As the DevOps revolution continues to sweep across the IT landscape, source code repositories have become a prominent resource for most organizations. They provide a centralized place to track, document and collaborate on changes to applications and are a critical component of modern continuous integration/continuous delivery (CI/CD) workflows. The automation of the technology stack necessary to support an application is a key facet of the DevOps model and the Infrastructure as Code (IaC) paradigm has extended the usefulness of DevOps and source code repositories to “traditional” operations and systems administration teams. As such, most source code repositories now contain not just application source code, but configuration files and scripts used with automation tools like Ansible, Puppet, CloudFormation, Terraform, etc.
While the DevOps model and the increased usage of source code repositories have enormous benefits, they also introduce risks. The accidental exposure of secrets in public source code repositories (e.g., GitHub, BitBucket, etc.) is a well-publicized issue. Over the past six months, Protiviti’s Attack and Penetration testing team, while performing open-source intelligence (OSINT) gathering, has identified publicly available secrets for multiple clients, including a Fortune 100 organization. In one instance, valid credentials were exposed on GitHub for over two years. Despite increased awareness of this issue and the various tools and services available to monitor and prevent the public leaking of secrets, it continues to pose a significant risk. Secrets, in most cases, are not only passwords, API keys and other credential material, but also sensitive information about an organization’s applications, infrastructure and operations, which can be incredibly useful to threat actors.
Significant attention should certainly be paid to publicly leaked secrets and information however, organizations should also be aware of the risks posed by internal source code repositories. During recent engagements, Protiviti’s Attack and Penetration testing team has leveraged secrets within internal source code repositories to compromise Active Directory, gain unauthorized access to credit card numbers and personally identifiable information (PII), and escalate privileges within cloud environments. There are two major factors contributing to this trend:
1. The assumption that the internal network is a trusted zone.
Organizations continue to use both an internal and external model when thinking about their technology environments and spend significant information security capital on securing a distinct and well-defined edge between those environments. While perimeter firewalls, proxies, etc. are certainly important, the edge has been blurry for well over a decade, particularly since organizations started heavily relying on virtual private networks (VPNs) to connect with remote workers, vendors, subsidiaries, etc. Now, with the widespread integration of public cloud services and a global pandemic driving a massive increase in the number of remote workers, the traditional edge simply no longer exists. It is dangerous for any organization to assume that an outsider or insider threat will not be able to operate on the internal network or gain access to an unsecured internal resource.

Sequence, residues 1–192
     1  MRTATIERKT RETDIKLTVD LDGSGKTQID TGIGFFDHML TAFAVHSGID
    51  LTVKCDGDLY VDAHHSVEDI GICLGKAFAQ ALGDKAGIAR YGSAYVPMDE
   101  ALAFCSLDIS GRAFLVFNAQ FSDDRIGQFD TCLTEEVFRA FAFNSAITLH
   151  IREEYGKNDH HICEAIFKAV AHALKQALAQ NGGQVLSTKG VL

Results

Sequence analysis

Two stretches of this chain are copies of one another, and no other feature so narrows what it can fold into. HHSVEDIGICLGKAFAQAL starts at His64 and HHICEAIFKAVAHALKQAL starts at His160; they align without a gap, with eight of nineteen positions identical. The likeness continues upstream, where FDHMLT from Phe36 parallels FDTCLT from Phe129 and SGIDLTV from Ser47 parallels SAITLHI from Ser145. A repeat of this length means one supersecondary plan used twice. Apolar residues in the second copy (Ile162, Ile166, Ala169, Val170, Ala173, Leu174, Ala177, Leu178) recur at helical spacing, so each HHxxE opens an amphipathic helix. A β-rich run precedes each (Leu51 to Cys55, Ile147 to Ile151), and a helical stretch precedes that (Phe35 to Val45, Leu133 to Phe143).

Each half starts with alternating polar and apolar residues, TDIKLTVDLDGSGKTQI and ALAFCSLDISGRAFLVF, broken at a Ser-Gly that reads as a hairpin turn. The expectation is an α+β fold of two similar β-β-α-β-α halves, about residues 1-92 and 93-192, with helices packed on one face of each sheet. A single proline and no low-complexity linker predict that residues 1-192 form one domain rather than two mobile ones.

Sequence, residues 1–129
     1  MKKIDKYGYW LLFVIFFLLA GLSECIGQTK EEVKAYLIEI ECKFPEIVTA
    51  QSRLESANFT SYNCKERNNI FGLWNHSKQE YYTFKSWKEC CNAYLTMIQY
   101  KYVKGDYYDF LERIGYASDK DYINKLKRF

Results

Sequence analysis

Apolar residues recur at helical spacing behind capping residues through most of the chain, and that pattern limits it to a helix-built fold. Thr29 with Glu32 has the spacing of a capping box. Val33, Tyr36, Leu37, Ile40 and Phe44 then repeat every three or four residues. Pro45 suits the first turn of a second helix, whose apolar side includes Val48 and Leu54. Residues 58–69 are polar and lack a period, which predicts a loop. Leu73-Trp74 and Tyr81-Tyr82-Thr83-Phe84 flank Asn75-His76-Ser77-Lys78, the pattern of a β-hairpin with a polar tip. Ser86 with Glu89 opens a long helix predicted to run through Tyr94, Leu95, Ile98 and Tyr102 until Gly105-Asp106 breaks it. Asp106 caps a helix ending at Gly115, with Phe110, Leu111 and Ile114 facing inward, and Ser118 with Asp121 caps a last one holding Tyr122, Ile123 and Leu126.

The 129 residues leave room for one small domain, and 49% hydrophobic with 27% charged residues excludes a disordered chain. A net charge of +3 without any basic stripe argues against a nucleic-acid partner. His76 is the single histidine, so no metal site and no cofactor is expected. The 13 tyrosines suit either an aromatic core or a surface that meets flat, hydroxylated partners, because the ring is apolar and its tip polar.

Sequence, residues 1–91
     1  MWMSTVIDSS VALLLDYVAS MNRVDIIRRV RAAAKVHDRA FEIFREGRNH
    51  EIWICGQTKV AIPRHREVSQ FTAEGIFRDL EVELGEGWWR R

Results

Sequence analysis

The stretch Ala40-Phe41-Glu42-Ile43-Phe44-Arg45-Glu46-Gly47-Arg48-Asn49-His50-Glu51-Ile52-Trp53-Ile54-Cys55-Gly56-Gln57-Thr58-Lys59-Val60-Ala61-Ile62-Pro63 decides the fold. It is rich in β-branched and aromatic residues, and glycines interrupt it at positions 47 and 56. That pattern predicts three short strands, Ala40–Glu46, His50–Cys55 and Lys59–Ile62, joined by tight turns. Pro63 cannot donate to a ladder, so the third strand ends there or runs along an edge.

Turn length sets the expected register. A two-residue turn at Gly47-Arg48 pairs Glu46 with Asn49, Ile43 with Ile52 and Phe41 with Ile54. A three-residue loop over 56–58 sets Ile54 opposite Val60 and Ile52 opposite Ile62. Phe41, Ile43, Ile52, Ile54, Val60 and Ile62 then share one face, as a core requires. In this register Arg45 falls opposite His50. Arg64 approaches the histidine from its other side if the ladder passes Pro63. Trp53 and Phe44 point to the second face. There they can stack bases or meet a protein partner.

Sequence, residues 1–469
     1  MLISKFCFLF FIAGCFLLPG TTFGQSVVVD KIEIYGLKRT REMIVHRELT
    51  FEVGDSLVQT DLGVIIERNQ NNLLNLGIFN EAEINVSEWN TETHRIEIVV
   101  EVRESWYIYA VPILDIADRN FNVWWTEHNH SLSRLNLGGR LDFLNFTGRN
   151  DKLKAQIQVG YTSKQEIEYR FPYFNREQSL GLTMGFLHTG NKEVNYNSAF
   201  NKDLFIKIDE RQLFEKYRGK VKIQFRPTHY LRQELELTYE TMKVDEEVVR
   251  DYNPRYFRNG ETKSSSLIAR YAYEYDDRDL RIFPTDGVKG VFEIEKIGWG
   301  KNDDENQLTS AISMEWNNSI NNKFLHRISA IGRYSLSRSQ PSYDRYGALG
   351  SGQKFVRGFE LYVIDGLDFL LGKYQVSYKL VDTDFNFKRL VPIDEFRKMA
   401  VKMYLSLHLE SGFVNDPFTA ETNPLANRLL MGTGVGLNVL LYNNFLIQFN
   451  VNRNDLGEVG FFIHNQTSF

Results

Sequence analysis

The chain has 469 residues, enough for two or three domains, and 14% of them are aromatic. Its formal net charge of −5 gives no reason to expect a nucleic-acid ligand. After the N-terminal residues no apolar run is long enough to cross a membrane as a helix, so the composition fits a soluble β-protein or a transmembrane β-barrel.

2. Organizations are integrating DevOps but not DevSecOps.
Despite all of the DevOps benefits, it does not address fundamental security issues that plague software development. Beyond insecure coding practices, developers continue to deviate from best practice when handling secrets, by documenting them insecurely or directly including them in application source code, which then gets pushed to source code repositories. The Infrastructure as Code (IaC) paradigm means that network engineers and system administrators must also be cognizant of secrets within scripts and configuration files used with automation tools, as these files typically end up in repositories alongside application source code. Even if divulged secrets are only for development systems or environments, this can still pose a significant risk to the organization. For example, insecure Jenkins installations and other development systems are routinely exploited by Protiviti during penetration testing engagements, often as the first step in achieving highly privileged access to an organization’s internal environment. More often than not, development systems do not receive the same amount of scrutiny as their production counterparts. In a real-world attack, a compromised development environment or CI/CD pipeline could allow a threat actor to install backdoors or perform other malicious modifications that end up in a production application or environment.
Both of these factors relate to the long-standing idea that effective information security is fundamentally about culture, as opposed to just technical operations and processes. While culture cannot be addressed overnight, in the short term, organizations should pay attention to both public and private source code repositories to ensure they do not contain unsecured information which could be leveraged by threat actors. Protiviti’s Attack and Penetration testing team can assist with identifying such secrets and demonstrating the risk of their exposure.
To learn more about Protiviti’s Attack and Penetration capabilities, contact us.